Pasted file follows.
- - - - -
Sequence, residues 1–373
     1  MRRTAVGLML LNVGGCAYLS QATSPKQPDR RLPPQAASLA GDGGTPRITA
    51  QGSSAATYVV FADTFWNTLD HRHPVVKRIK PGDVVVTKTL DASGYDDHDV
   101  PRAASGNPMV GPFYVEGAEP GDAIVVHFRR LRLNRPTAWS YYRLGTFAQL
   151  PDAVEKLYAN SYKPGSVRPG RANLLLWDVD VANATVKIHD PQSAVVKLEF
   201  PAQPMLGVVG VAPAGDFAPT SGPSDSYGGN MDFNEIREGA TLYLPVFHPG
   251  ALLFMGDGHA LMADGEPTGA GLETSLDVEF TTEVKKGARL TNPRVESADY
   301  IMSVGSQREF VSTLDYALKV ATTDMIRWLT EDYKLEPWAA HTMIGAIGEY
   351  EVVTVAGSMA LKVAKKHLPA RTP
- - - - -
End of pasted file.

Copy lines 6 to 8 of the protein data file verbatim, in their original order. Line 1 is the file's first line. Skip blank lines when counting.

   201  PAQPMLGVVG VAPAGDFAPT SGPSDSYGGN MDFNEIREGA TLYLPVFHPG
   251  ALLFMGDGHA LMADGEPTGA GLETSLDVEF TTEVKKGARL TNPRVESADY
   301  IMSVGSQREF VSTLDYALKV ATTDMIRWLT EDYKLEPWAA HTMIGAIGEY